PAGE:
Researcher discovers record of past climates hidden in ears of fish

By Sally Pobojewski
News and Information Services

Tiny stones called otoliths that form within the inner ears of fish are actually paleothermometers preserving a record of seasonal temperature variations over the past 20 million years, according to a U-M graduate student.

“By analyzing tiny bands of otolith material deposited on a daily basis, just like growth rings in a tree, we can determine changes in water temperature over the life of the fish, whether it died last week or a million years ago,” says William P. Patterson, graduate student in geological sciences.

Patterson will discuss his research during a presentation at the annual meeting of the Geological Society of America in Cincinnati this week.

Otoliths, or “ear stones,” form from built-up layers of aragonite—a mineral synthesized by fish every day, which includes oxygen from lake water. Different species form different sizes and shapes of otoliths, ranging from microscopic to more than one centimeter (0.39 inch) in width.

“Because we can reconstruct average weekly temperatures with this technique, we can accurately track seasonality—the difference between winter low and summer high temperatures,” Patterson says. “Seasonality is the most significant factor in determining which plants and animals can survive in a particular area.”

Using otoliths to study past climates will help scientists make more accurate predictions of future climate change, Patterson says, especially in mid-continental regions, which are particularly sensitive to seasonal climate changes. Paleoclimatic research in continental areas has been difficult until now, because the usual source of information on past climates—fossils of one-celled organisms called foraminifera—can only be found in ocean sediment.

“Otoliths give us a new source of physical evidence to determine the rate and geographic pattern of ancient climate change,” Patterson adds.

Early Native Americans in the Great Lakes area collected and saved large otoliths, and they are often found in archaeological excavations of Native American sites. “This gives us a good control on the age of these otoliths, which have been dated as far back as 11,000 years ago,” Patterson says.

Otoliths up to 155 million years old have been found in layers of sediment, Patterson says. Otoliths are preserved in museum collections giving scientists a wide selection of dated specimens to study.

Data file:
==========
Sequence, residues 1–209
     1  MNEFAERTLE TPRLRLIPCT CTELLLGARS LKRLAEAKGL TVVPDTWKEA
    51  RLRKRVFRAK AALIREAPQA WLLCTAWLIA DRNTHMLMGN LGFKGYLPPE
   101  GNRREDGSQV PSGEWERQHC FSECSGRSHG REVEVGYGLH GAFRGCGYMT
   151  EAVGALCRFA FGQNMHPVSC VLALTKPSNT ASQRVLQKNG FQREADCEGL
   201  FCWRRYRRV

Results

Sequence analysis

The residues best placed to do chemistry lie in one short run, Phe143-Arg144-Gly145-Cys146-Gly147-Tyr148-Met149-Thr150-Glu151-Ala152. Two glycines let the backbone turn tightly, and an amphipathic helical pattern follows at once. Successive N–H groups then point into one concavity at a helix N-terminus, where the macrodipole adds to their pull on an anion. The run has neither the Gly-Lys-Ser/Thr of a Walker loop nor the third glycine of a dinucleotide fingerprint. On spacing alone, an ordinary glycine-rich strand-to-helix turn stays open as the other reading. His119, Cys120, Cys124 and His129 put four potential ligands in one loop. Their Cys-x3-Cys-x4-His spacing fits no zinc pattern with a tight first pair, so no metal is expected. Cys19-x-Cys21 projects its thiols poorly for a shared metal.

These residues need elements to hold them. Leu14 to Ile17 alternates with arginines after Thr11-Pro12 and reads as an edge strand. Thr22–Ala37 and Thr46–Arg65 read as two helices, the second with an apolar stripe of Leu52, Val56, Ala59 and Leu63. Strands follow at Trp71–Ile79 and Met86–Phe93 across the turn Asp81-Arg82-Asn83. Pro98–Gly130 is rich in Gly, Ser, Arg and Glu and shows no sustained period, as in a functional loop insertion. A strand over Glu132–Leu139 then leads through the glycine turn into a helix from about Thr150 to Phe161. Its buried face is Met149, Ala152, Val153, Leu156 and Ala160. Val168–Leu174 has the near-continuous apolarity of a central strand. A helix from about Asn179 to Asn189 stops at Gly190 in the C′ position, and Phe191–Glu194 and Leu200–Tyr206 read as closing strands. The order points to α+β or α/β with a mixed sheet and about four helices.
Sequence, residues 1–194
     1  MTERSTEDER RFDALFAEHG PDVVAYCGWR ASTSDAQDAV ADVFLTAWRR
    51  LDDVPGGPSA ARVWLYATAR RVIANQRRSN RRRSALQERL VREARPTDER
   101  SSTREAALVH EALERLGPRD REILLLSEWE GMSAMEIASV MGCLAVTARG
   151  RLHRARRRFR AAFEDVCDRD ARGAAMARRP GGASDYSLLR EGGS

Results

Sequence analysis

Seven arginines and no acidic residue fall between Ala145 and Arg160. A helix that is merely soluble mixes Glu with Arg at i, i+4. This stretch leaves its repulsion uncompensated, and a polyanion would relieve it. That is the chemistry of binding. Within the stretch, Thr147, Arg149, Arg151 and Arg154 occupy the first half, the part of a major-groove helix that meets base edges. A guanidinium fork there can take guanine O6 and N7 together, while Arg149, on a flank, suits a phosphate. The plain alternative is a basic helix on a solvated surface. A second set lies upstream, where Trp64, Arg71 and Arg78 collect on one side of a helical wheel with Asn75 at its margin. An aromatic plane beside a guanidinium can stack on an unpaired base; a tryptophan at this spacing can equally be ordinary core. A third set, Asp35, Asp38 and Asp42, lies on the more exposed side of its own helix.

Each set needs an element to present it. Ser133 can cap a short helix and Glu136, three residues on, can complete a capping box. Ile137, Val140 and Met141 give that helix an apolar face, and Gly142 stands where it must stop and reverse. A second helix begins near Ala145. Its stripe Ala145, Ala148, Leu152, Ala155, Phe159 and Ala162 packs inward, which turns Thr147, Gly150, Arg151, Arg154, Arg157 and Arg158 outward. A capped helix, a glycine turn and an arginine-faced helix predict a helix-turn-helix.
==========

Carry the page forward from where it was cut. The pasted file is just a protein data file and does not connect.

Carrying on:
Patterson said instrumentation in the Department of Geological Sciences’ Stable Isotope Laboratory was crucial to the success of the research effort. K.C Lohmann, associate professor of geology and mineralogy, directs the lab and assisted with the research.

“This is the only laboratory in the United States capable of measuring different ratios of oxygen isotopes and able to drill the microscopic samples—up to 100 per millimeter—needed for the analysis,” Lohmann says. “It’s like cutting a grain of salt into 10 pieces and using each piece as a sample.”

Using instruments in the Stable Isotope Laboratory, Patterson was able to remove samples of otolith growth bands drilled at precise intervals using a computerized program developed at the University. Mass spectrometers then analyzed the ratios of two isotopes of oxygen, O-16 and O-18, found within each band. O-18 is slightly heavier, because it contains two extra neutrons in its atomic structure.

When he examined modern fish from the Great Lakes, Patterson discovered that the ratio of oxygen isotopes deposited each day in the otolith growth band was identical to the ratio of isotopes found in the lake water on that same day.

“When the water and the fish are cold, the fish absorbs more of the heavier isotopes,” Patterson says. “When the water is warmer, more of the lighter isotopes are absorbed and incorporated in the otolith. The ratio of the two isotopes varies directly with the temperature of the water. If we know the isotopic composition of the water as stored in the otolith, we can infer past water temperatures.”

Patterson says the next phase in the research effort will be an analysis of Great Lakes climate for the past 11,000 years using otoliths from various museum collections. The second phase will track climate change over the past 10 million years.

In addition to Lohmann, others assisting with the otolith research include Gerald R. Smith, professor of zoology; David Dettman, graduate student in geological sciences, and Aimee Dolin-Laughlin and James W. Burdett, technicians in geological sciences.

The project is funded by the National Science Foundation and the U-M’s Scott Turner Fund in Geological Sciences. Otolith specimens were donated by the Museum of Zoology and the Cleveland Museum of Natural History.


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